I continue to be facinated by the tattoo culture. And the more I hear about people and their tattoos, the more I find it to be a religious act.
Today a friend posted on their fb page a pic of their new tattoo. They captioned it by saying, "This is fear, pain, self-doubt, and frustration. This is challenge, openness, vulnerability, and growth. This is support, encouragement, connection, and respect. This is passion, determination, desire, and perseverance. This is grit, confidence, strength, and courage." It was the language of religion.
In my mind there is a parallel from the world of tattoos and the rite of baptism. Baptism is a reminder, a mark for encouragement, a testimony to a struggle, perseverance, and strength. It witnesses to vulnerability and growth.
When God puts his mark on it signifies much of what is expressed in the modern tattoo. However, it is an invisible sign. One that still very much testifies to the invisible God and the life/relationship we have in Him.
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Thanks to a wedding I attended this past weekend I had a glimpse into what a Reformed church in Ashland could look like. Almost 500 people attended the wedding. Most of the families who were present were theologically reformed.*
I could not help but be amazed. What a joy it was to sit and sing praise to God with so many who had a similar doctrinal mindset. It was held in the University chapel, and the thought that we almost filled that rather large venue was awesome.
It struck me that if they were all to band together in humble love, such a church would have a incredible impact on the rest of the community. Specifically I think of the ability to fund outreach events, diaconal ministries, and missions. It could staff multiple full time ministers for the purpose of discipleship, schooling, and evangelism. It could host seminars and conferences. It would certainly have more sway over other churches in the area. I would not doubt that it would also greatly influence public policy and shape the whole political contour of the city.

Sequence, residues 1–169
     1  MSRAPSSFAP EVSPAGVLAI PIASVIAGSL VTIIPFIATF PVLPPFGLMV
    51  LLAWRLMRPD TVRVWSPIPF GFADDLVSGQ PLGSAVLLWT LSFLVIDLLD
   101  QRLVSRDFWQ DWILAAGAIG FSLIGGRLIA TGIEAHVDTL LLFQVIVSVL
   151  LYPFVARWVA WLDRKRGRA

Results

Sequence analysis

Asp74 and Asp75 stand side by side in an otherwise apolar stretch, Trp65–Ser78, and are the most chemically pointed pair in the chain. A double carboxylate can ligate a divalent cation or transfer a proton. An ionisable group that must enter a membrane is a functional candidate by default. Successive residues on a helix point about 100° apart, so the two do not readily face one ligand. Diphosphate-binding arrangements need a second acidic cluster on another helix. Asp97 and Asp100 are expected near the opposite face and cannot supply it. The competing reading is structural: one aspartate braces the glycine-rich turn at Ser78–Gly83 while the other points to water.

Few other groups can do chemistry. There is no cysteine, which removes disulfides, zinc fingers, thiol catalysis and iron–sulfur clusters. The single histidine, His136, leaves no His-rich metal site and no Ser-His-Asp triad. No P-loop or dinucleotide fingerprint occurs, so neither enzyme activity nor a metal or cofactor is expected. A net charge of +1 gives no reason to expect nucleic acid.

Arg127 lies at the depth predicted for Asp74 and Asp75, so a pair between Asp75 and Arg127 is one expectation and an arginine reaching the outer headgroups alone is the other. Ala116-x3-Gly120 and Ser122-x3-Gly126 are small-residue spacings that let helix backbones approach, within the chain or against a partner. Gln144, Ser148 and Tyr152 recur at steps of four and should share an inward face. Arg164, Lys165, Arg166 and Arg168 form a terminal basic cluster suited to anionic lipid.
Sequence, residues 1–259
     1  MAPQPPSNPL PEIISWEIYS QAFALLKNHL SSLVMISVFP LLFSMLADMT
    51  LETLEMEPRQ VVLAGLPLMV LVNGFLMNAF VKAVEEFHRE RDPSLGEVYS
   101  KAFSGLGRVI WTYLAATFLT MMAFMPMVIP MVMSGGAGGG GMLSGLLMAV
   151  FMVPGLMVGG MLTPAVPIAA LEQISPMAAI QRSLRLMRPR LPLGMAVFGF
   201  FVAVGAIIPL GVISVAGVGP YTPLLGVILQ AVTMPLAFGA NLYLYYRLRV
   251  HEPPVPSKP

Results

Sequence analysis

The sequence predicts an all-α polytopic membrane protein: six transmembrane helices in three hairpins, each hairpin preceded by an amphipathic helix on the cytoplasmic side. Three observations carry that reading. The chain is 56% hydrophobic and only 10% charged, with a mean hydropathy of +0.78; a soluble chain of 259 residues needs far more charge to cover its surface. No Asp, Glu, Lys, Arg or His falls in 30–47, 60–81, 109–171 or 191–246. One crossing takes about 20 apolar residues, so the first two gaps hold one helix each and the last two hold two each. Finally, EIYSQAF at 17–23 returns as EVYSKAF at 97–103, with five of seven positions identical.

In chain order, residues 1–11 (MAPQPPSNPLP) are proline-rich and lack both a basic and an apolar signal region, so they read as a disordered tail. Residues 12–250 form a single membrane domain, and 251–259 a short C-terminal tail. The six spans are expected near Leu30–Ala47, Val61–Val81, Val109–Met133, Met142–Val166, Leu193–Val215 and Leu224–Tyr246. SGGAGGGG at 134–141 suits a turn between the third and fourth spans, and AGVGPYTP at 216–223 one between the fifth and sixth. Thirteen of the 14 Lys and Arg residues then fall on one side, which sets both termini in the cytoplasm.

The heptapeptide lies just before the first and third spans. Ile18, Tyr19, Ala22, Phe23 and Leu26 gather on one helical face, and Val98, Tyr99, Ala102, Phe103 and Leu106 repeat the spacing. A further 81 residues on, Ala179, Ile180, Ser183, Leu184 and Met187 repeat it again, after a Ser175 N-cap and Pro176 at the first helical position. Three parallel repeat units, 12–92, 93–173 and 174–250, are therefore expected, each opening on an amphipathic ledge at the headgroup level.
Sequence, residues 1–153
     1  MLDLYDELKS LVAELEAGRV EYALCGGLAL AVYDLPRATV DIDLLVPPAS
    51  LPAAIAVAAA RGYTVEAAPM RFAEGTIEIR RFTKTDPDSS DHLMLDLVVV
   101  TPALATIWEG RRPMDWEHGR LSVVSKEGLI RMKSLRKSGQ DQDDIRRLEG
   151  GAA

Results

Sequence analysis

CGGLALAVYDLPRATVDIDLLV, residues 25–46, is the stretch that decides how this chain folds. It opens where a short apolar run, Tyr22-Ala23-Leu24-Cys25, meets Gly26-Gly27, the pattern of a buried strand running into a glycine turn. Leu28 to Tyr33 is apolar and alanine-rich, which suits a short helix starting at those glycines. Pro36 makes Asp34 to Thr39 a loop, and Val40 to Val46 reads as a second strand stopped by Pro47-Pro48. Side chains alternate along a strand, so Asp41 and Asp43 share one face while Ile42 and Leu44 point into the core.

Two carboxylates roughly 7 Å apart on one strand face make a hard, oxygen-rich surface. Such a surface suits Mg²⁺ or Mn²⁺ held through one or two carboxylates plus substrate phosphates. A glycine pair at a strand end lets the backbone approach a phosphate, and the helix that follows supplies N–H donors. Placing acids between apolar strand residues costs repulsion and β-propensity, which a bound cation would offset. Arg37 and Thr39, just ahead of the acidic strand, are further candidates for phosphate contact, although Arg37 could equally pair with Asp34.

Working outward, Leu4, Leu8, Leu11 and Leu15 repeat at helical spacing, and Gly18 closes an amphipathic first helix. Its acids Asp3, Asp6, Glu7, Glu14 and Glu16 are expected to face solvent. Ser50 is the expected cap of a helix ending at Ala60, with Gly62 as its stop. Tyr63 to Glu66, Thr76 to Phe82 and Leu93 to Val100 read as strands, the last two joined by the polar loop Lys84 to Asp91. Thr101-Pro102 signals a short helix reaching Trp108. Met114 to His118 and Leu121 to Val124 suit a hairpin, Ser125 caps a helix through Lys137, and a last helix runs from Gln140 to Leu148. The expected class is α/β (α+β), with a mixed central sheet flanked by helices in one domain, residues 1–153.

The encouragement that I received by means of this wedding is tremendous. It gives me good hopes for the work ahead at Hopewell Church and what it can be.
*This of course is only counting the Reformed people who are associated with the wedding party. It obviously does not include those who are outside the bride or groom's circle of friends. To be sure, I know of still others who profess to be Reformed in the area and would have filled a few more pews.
King Alfred the Great - Recently read this short work on King Alfred the Great, which details the life of a godly leader. His administration is essentially the foundation for common law, which is built on the Mosaic code. The work expresses how society at large profited--stealing and general evil was diminished throughout the land. His character is highlighted, especially his diligence to study and develop personal piety.
The Christian Ministry, by Charles Bridges - I have begun to read this book. I have desired some personal encouragement in regards to the work of the ministry. This quote stands out not only as profound:
“The Ministration of the Church, as Calvin observes, is ‘not an easy and indulgent exercise, but a hard and severe warfare, where Satan is exerting all his power against us, and moving every stone for our disturbance.’”
Josh Harris Ted Talk, Strong Enough to be Wrong - That was the first time she had ever heard a religious leader admit he was wrong.
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Matt is blessed to be a husband, father, and pastor in Ashland, Ohio.